“Burnt” is riveting. The film explores the story of Adam Jones (Bradley Cooper), an American chef whose extraordinary abilities in the kitchen are known throughout Europe.
After fleeing a restaurant in Paris and traveling to London, Jones is in need of a kitchen in order to preserve his respected trade, but his unpredictable, often-volatile behavior makes him nearly impossible to work with.
In London, Jones convinces Tony (Daniel Brühl) to be the head chef of his restaurant at a time when he is out of options and in need of an experienced cook. Jones is on a mission, one that is anything but ordinary. He does not just want to run a kitchen that makes good food, he wants to run one that makes perfect meals.
He wants to serve dishes that make people stop eating, rather than make them want more. Jones’ ultimate goal is attaining a third Michelin culinary star. Throughout the entire film, Jones focuses on his quest to go from a two-star chef to a three-star chef.
Alongside Cooper is Helene (Sienna Miller), a single mother who is hired, fired and then hired again by Jones. The two actors reunite in this film after working side by side in Clint Eastwood’s “American Sniper.” Jones – along with all the chefs that work in his kitchen under his guidance –tests Helene, pushing her to the brink of exhaustion and forcing her to put the professional before her personal.
As the film went on, there’s a sense of romantic entanglement. The sexual tension at certain points becomes too palpable, too obvious. As spectators, we inevitably wait for something to happen. The two make amends twice, but there is little romance between them.
Behind the scenes, amid the hectic environment of the restaurant, Jones is motivated to do anything to escape his drug and alcohol-addled past. He achieves this by dictating and lashing out at others, throwing away plate after plate of food and accepting nothing less than perfection. He is a control freak, a zealot willing to do anything to achieve his goal.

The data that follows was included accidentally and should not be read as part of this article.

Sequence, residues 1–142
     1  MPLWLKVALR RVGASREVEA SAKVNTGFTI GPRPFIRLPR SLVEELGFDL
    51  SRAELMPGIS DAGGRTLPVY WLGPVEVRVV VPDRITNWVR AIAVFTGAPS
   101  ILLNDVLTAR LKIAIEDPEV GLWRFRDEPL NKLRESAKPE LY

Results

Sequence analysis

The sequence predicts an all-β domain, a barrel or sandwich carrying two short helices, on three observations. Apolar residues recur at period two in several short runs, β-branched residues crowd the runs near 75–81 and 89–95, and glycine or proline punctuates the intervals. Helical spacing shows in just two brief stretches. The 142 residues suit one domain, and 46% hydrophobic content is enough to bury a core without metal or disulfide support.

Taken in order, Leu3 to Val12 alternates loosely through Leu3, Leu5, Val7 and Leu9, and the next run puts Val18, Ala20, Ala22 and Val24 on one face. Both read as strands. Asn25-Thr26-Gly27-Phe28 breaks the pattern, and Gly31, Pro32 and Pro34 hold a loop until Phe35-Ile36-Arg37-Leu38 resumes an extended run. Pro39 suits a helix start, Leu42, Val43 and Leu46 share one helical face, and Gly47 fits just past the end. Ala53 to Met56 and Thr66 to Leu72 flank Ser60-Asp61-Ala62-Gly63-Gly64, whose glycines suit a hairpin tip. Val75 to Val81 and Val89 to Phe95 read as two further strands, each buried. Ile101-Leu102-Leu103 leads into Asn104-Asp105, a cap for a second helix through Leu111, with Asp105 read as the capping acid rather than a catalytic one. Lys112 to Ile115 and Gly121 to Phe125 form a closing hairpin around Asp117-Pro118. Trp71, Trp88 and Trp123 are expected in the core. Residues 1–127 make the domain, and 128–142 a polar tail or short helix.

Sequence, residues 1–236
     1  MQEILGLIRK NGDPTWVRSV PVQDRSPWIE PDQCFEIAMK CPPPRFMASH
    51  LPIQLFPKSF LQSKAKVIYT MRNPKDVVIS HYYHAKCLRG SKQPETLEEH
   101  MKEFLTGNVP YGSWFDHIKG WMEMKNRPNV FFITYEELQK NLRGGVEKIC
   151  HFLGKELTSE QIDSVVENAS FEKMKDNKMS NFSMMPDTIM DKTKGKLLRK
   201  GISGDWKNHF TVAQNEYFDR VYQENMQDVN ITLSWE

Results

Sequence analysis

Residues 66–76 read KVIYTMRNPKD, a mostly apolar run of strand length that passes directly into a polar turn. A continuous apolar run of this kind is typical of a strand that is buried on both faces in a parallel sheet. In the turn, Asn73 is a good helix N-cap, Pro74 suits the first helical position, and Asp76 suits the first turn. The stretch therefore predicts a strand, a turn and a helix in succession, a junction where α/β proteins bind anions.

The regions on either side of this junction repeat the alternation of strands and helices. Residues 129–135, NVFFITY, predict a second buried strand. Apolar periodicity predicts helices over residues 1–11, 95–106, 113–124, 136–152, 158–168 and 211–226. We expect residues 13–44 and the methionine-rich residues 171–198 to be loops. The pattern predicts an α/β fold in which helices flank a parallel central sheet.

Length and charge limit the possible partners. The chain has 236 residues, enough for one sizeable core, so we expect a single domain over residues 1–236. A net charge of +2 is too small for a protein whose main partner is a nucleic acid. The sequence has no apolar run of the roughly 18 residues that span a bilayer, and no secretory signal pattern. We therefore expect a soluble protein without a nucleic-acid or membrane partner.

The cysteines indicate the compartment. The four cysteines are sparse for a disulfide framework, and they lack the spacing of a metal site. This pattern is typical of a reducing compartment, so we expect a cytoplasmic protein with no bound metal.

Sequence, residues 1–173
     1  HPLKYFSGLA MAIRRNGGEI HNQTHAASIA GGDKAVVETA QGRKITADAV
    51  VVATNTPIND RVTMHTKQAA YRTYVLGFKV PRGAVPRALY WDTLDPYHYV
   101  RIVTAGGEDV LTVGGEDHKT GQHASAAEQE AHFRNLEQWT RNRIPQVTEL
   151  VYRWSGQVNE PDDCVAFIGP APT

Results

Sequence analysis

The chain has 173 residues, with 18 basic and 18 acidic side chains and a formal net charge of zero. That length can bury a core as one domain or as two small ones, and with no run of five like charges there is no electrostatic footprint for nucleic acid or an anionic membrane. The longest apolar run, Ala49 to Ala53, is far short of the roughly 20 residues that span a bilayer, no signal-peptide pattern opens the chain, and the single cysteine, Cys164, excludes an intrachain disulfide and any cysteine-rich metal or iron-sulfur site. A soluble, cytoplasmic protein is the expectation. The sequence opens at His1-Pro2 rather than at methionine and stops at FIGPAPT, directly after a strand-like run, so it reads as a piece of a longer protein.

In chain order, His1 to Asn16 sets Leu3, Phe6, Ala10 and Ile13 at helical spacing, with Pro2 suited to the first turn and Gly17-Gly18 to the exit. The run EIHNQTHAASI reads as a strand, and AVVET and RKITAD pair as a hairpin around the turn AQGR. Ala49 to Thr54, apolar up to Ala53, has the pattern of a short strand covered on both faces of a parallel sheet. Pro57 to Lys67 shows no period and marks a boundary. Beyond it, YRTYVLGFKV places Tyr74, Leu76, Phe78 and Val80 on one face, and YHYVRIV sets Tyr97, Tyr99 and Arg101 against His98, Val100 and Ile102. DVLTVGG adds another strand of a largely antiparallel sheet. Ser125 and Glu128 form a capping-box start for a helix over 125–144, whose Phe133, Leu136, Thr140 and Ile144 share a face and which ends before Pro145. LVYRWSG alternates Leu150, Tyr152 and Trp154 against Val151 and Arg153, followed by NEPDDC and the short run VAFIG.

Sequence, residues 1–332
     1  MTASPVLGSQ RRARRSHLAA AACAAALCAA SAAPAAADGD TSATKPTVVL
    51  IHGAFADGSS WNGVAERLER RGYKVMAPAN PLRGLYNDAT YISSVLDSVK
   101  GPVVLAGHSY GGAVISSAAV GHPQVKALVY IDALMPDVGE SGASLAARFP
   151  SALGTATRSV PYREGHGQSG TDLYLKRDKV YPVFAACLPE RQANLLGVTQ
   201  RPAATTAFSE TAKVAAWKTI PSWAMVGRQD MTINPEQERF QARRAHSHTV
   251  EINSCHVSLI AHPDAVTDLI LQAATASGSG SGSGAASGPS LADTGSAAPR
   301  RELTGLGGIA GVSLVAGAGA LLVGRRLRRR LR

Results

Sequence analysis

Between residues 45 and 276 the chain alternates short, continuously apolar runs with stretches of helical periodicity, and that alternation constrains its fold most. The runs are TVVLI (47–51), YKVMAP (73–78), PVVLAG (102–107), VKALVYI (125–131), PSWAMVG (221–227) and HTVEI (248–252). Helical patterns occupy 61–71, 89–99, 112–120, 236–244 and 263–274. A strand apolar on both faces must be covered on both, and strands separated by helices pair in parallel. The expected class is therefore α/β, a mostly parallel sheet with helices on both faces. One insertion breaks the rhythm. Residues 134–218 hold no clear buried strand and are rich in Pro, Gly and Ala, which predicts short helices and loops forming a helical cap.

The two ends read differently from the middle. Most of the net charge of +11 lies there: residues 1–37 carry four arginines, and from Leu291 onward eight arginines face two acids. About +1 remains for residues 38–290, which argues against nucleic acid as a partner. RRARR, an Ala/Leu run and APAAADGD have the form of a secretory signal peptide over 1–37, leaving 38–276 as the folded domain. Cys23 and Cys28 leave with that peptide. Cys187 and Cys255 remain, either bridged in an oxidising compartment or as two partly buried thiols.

In “Burnt,” the viewer also sees a chef who breaks promises. In the beginning, he vows never to appear in talk shows and cook on live television. Yet 45 minutes in, he agrees to do one, presenting himself as a chef who is eager to cook in front of a camera.
When he tells Helene that she cannot have the day off for her daughter’s birthday, she complies. When she brings her daughter to the restaurant that day, Tony storms into the kitchen demanding that Jones bake a cake. After initially saying no, he changes his mind only to have the small child tell Jones that he has tried better.
Though this is a relatively insignificant scene in the film, the non-diegetic sound coupled with Jones’ facial expressions bring a sentimental element to the screen. Arguably, this is the first and only time Jones is confronted by someone outside his regular element.
It is here that he is forced to impress someone who he thought had little or no expectations. He is not cooking for Michelin, the French ratings company that will ruin or remake his culinary career. He is cooking for a little girl, one that tells him that he has missed his mark.
Even though there is resolution and a feeling of satisfaction as the film concludes, the majority of the film is grim and depressing. Jones is always on a quest for something he knows he deserves while everyone else is taking orders. Jones owes a large sum of money to European drug dealers, who at two different occasions confront him about his debts. Again, by having these physical altercations we see Jones visibly struggling to escape an element of his past.
Given the range of roles Cooper has played, this one falls somewhere in the middle of the emotional spectrum. He is no stranger to playing tortured characters, nor at any point does he ever take the opportunity to overact. With “Burnt,” we see Cooper as an angry and obsessed chef who does things like forcing fellow chefs to apologize to the food, and not to him.
It becomes clear that Jones is as much power hungry as he wants to become a better chef. As the film goes on Jones learns to better himself while his fellow chefs also learn to improve themselves. While watching, I came away with how intense the inside of a kitchen can be.
The high stakes, high drama and overly suspenseful acting are highly effective on screen, making “Burnt” an absolute must-see.
Isaac Simon can be reached at [email protected]